Tamir Rice’s police murder called ‘objectively reasonable’

AUTODIDACT 17 | 11/19/2015, 4:37 p.m.
A 13-page report released last Thursday by the Cuyahoga County Prosecutor’s Office determined that 12-year-old Tamir Rice’s murder by a ...
Tamir Rice

A 13-page report released last Thursday by the Cuyahoga County Prosecutor’s Office determined that 12-year-old Tamir Rice’s murder by a Caucasian Cleveland cop one year ago was “objectively reasonable,” according to law enforcement consultant Ken Katsaris, an expert on police use of force.

“This unquestionably was a tragic loss of life, but to compound the tragedy by labeling the officer’s conduct as anything but objectively reasonable would also be a tragedy,” Katsaris wrote, “albeit not carrying with it the consequences of the loss of life, only the possibility of loss of career.”

New surveillance video, from a previously unseen angle, was also released last Thursday by prosecutor Timothy J. McGinty’s office. The footage from Nov. 22, 2014, shows officer Frank Garmback, who didn’t shoot, pulling his patrol car up to where young Rice is standing in a playground. Within two seconds, his rookie partner-in-training, Timothy Loehmann, 26, jumps out the passenger side and without warning shoots the 12-year-old child, who perished the following day.

Authorities initially said Loehmann yelled three times at Rice to raise his hands, yet the video refutes this claim.

The cops were responding to a 911 call reporting that there was “a guy with a pistol … he keeps pulling it in and out of his pants, and pointing it at people.” What the dispatcher did not convey to them was that the weapon was “probably fake” and that “he’s probably a juvenile.”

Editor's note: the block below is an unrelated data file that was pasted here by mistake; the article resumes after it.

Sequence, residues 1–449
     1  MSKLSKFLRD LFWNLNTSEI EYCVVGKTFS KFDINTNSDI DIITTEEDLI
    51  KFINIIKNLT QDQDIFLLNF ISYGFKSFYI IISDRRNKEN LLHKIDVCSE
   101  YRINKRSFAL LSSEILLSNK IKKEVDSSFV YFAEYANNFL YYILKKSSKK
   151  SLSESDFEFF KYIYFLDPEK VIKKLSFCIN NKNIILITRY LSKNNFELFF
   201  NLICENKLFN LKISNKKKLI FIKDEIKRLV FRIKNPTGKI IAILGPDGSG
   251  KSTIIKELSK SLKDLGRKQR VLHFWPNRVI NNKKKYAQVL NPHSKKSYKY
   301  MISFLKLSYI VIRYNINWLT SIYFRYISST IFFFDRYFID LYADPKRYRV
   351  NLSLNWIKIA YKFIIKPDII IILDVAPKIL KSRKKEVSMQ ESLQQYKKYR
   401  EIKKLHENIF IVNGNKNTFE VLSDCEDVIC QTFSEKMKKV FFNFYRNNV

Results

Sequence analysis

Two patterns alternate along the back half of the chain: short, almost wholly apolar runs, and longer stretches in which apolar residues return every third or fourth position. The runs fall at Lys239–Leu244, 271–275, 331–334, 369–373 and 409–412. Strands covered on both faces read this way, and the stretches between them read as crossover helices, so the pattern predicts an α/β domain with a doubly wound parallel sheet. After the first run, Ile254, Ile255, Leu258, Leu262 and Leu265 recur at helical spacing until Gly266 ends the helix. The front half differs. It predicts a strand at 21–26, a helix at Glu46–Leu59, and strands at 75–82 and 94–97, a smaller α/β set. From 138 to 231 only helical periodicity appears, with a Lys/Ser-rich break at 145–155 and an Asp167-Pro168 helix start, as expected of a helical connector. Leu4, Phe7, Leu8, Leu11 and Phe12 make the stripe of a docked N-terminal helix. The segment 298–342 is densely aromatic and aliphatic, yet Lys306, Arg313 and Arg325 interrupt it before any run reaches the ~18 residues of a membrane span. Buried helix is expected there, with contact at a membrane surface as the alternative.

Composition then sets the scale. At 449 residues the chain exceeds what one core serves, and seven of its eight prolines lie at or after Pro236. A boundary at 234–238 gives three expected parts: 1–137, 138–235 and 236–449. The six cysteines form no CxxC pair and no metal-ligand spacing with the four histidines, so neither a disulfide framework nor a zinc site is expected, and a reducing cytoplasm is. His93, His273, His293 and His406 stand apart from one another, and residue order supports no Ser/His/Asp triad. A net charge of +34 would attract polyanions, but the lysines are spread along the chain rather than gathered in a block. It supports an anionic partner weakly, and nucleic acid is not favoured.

Katsaris said the situation “provided only one split second choice for Loehmann under what is clearly a tense and rapidly evolving situation that required the application of deadly force to protect both, or either, of the officers. This decision, in my opinion, was clearly objectively reasonable, given the totality of the circumstances.”

McGinty called the report and the video “pieces of a complex puzzle that are part of an ongoing investigation.” He didn’t specify when the grand jury action will conclude.

Last month, McGinty’s office released two other reports they commissioned that also deemed the shooting reasonable.

“There can be no doubt that Rice’s death was tragic and, indeed, when one considers his age, heartbreaking,” Colorado prosecutor Lamar Sims wrote. He added, “Officer Loehmann’s belief that Rice posed a threat of serious physical harm or death was objectively reasonable, as was his response to that perceived threat.”

Retired FBI special agent Kimberly A. Crawford wrote in her report, “The question is not whether every officer would have reacted the same way. Rather, the relevant inquiry is whether a reasonable officer, confronting the exact same scenario under identical conditions, could have concluded that deadly force was necessary.” She suggested that Loehmann did not know Rice’s gun was fake.

Katsaris wrote, “Given the notice of the police presence to Rice, and the specific threatening actions of Rice toward the reported gun location area on his body, Rice’s actions provided no other alternative to officer Loehmann than to apply deadly force.”

A Rice family lawyer was skeptical the case will be fairly presented to the grand jury and requested a special prosecutor to take over, suggesting the county prosecutor is biased in favor of cops.

“Regrettably, with the release of yet another utterly biased and shamelessly misguided ‘expert report,’ the county prosecutor is making clear his intention to protect the police from accountability under the criminal laws, rather than diligently prosecute them,” attorney Jonathan Abady said in a statement Thursday.

The boy’s mother, Samaria Rice, has a federal lawsuit pending against Cleveland and the two cops.

Abady concluded, “We now have grave concerns that there will be no criminal prosecution. Prosecutors exercise substantial influence over the grand jury process and whether an indictment will be issued. The video footage and other evidence readily available from the outset made clear that this was a completely unreasonable use of deadly force against Tamir.”

To view the video, visit www.youtube.com/watch?v=qHuVrimyHgg.